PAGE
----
Throughout the year, you might receive bonuses from your employer for a variety of reasons. It could be a payment that you get on a regular interval based on company performance. Other times it’s a one-time reward for doing a really good job. The IRS considers bonuses to be supplemental income. It’s because of that they’re subject to specific tax withholding rules. Your employer will choose a specific option for the method by which they’ll pay your bonus and calculate withholding. The option chosen will determine how much of your bonus money you keep. Here’s what you need to know about calculating the tax on bonus payments.
- Contact the payroll or accounting department
In order to know which method is used to pay your bonuses, you need to contact your employer’s payroll or accounting department. Ask if your bonus will be a separate payment or if it’s put together with your regular paycheck. There are major tax differences based on a particular method, so it’s important not to neglect this step. An example would be if you were given a one-time bonus of $10,000 to your paycheck of $35000. This would put you in a different tax bracket, and the amount of income tax you owe would be higher. You can learn more about tax bracket calculations at this link: https://taxfyle.com/tax-bracket-calculator/.
- Know how your employer calculates withholding tax on bonuses
Companies have three options when it comes to calculating taxes on bonuses. One option is the percentage method. A flat rate gets applied to your bonus amount. IRS Publication 15 stipulates a flat tax of 22% on bonuses. Another option is the aggregate method. The employer combines your bonus and your regular income, and then a formula is used to calculate the tax on each separately. The last option is the single payment method. Your regular wages and bonus are combined, taxed, and paid together.
- See if you can choose the payment or calculation method
Large companies might not allow this in order to maintain consistency in how most bonuses are paid out. Smaller employers, however, could be less concerned with the tax calculation or payment method used. This can be helpful to you once you determine the tax implications related to how your bonus paid and how the tax is calculated.
- Using the percentage method
When your employer applies a flat tax rate of 22% to your bonus, that amount will be withheld from it for federal taxes. As an example, let’s say you received a bonus of $1000. Your employer would withhold 22% of it, which would amount to $2200. That will be separate from your regular paycheck, which is the same as usual.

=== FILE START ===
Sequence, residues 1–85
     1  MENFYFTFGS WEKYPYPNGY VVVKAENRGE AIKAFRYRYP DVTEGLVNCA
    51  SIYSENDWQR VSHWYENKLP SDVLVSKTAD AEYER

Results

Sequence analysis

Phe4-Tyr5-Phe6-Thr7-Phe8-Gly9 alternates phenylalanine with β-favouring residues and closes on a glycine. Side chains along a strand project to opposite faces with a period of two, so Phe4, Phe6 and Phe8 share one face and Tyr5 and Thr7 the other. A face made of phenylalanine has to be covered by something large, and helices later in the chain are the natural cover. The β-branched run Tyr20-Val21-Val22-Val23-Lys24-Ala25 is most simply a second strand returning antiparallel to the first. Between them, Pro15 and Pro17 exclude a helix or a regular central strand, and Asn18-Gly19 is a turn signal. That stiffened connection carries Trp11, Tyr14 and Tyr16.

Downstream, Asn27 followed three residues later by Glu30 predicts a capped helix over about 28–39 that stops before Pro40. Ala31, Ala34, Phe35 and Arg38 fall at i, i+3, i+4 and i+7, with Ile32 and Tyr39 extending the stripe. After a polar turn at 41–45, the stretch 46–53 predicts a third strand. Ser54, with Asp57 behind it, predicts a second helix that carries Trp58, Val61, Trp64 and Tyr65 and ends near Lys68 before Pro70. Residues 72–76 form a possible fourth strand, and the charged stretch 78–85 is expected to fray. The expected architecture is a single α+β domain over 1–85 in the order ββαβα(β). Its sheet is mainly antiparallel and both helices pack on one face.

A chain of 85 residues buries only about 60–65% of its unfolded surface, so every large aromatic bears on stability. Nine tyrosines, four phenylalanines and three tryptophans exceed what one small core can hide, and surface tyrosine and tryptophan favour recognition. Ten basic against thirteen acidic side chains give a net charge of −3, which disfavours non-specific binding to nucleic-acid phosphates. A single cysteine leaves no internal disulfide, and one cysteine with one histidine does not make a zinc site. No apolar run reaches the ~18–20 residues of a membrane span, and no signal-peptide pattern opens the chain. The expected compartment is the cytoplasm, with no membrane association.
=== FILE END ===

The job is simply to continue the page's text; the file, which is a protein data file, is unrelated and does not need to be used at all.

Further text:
- Using the aggregate method
In this scenario, your employers would add your bonus to the amount of the most recent paycheck you received. Let’s say your regular gross paycheck is $2000, and your bonus is 5000$, adding up to a total of $7000. Then, let’s presume the normal withholding from your regular pay is $500. Your employer would determine the correct withholding amount based on the IRS withholding tables for the $7000 total when calculating the tax. In this example, a figure of $2100 will be used as the total withholding amount. Then, the $500 normally withheld would be subtracted from the $2100. The remaining amount, $1600, would be deducted from the bonus check.
- Using the single payment method
As mentioned earlier, your employer would combine your bonus with your regular pay. Using the same example as the last method, that would amount to $7000. The company would then use the standard IRS withholding tables to calculate the tax. Using the same example again, it would result in a withholding amount of $2100. Keep in mind your employer won’t give you a separate bonus check plus your regular paycheck. You would instead receive one paycheck for the $7000 minus the total withholding of $2100.
- Factor in Medicare, social security, and state withholding
Given that a bonus is a supplemental income, it is subject to Medicare and Social Security withholding. You also have to be mindful that your state could have its own tax rate for supplemental income. All of this has to be taken into account when figuring out your total tax on the bonus. If the math gets complicated for you, consider using a tax calculator to help make it easier.
- See if you can defer the bonus to the end of the year.
When discussing your bonus payment with your employer, ask if it can be deferred until the beginning of the new year. A lot of employers enjoy paying holiday bonuses in December since they can write them off when closing their yearly books on December 31st. In some cases, it might be more beneficial to have your bonus paid the following year. One such example is if you’re expecting to have more deductions in the next year, such as if you plan to buy a house.
- Contribute to your retirement plan
You could reduce your tax liability from your bonus to add it to your retirement plan. This can be done through your 403(b) or 401 (k). If you don’t currently have an employer plan, you could choose to make a traditional IRA contribution instead. Just be aware that there are income limitations with deducting traditional IRA contributions. If this option doesn’t work, there are a variety of others that reduce your tax liability beyond just the ones involving your bonus. One example is adding “green” home improvements. In some cases, it may give you a tax credit of up to 30% of your total cost of improvements. Other possibilities of reducing tax liability you may consider include earning tax-free income or looking into a child-care reimbursement account.
Knowing how to manage taxes with your bonus payments can be fairly simple. It mainly involves knowing how you’re receiving your bonus payment and knowing how the tax will be calculated. Keeping all of these things in mind will help your calculation process go smoothly.
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